A case in point is that of Kathrin Mentler, a woman in her thirties who in June of this year admitted herself to a Vancouver hospital due to depression and suicidal thoughtsconditions she has lived with for some time but that had become more acute owing to a recent traumatic event. Once at the hospital, Mentler was taken to a room where a clinician told her that the healthcare system is “broken” and that the wait time to see a psychiatrist would be significant. The clinician then asked her if she had ever considered euthanasia, noting that it would be more “comfortable” than committing suicide through overdosing on medication, a concern that Mentler specifically had in mind when she went to the hospital that day. In her words, “I very specifically went there that day because I didn’t want to get into a situation where I would think about taking an overdose of medication.”

For decades, societies like Canada have rightly spent time, money, and resources on suicide prevention. Mentler’s case reveals a disturbing shift on this front: she wished to live, yet death was suggested to her. While the exchange between Mentler and the clinician was brief, and the hospital says that the question about euthanasia was simply a way to evaluate Mentler’s level of suicidality, the notion that Mentler’s personhood was fading away seems to have been at work. If a society is offering euthanasia as a solution to persons who are suicidal, we have arrived at a destination where personhood has been reconstructed beyond recognition.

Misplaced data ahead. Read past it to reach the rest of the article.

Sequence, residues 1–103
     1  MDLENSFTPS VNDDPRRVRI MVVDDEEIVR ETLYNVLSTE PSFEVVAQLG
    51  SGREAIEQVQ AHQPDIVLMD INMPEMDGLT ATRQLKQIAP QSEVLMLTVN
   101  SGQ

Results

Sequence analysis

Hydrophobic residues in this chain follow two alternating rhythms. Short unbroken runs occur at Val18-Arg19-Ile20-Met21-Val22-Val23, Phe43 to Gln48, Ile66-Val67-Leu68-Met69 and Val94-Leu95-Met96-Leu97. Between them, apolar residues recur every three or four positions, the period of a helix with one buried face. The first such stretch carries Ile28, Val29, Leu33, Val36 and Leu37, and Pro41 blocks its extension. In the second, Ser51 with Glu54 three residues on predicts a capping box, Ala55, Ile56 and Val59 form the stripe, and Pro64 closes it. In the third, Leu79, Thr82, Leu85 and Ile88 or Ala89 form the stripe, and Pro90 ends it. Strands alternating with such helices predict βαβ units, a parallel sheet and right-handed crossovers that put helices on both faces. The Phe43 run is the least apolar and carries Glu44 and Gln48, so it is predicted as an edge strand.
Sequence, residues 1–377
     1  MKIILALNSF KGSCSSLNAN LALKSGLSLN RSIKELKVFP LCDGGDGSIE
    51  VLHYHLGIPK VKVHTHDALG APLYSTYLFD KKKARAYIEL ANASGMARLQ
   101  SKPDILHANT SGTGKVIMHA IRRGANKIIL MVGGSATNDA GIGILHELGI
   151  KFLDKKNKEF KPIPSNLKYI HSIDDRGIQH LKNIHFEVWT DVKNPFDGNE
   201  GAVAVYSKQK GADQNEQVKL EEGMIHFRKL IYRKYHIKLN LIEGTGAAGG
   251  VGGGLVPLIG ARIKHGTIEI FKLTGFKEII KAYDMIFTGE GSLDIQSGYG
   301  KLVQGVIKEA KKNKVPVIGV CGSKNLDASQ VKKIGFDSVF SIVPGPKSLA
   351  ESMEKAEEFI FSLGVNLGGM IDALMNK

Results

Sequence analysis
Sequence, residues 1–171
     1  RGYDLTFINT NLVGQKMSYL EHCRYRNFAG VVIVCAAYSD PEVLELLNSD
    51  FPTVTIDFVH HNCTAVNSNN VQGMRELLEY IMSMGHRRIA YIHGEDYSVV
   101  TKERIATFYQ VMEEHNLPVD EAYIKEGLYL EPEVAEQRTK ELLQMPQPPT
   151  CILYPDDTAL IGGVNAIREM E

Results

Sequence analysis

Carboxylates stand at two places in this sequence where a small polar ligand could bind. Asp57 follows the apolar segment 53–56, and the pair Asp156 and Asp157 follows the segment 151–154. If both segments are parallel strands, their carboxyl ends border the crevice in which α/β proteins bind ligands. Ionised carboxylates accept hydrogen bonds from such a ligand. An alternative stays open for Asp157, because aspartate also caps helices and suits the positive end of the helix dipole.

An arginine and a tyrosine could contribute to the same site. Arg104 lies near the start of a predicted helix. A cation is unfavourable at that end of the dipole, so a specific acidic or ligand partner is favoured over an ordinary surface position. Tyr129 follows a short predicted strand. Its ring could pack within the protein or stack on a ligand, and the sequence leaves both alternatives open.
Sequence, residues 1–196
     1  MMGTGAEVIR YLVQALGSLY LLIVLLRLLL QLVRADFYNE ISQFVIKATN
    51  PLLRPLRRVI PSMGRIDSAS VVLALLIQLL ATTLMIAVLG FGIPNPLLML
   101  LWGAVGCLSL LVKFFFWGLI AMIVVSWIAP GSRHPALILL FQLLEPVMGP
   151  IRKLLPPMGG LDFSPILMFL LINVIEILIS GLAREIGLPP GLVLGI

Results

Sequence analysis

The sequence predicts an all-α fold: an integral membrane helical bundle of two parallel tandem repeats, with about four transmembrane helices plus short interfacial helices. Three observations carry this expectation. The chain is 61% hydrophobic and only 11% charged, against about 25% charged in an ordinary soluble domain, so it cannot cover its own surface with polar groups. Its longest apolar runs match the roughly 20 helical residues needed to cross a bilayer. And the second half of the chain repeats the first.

If a society is offering euthanasia as a solution to persons who are suicidal, we have arrived at a destination where personhood has been reconstructed beyond recognition.


Mentler’s case is also revealing because euthanasia was brought to her attention at a time when she appeared to be ineligible for it. Euthanasia for persons suffering solely from mental illness will not be available in Canada until next year. Perhaps the step of legalizing euthanasia for individuals in other circumstancesin circumstances that are currently covered by the lawhas activated a radar within some Canadians for other cases in which euthanasia should be legal. The legislation of 2016 taught us the basics of when euthanasia should be granted, and now we are applying these lessons to novel situations.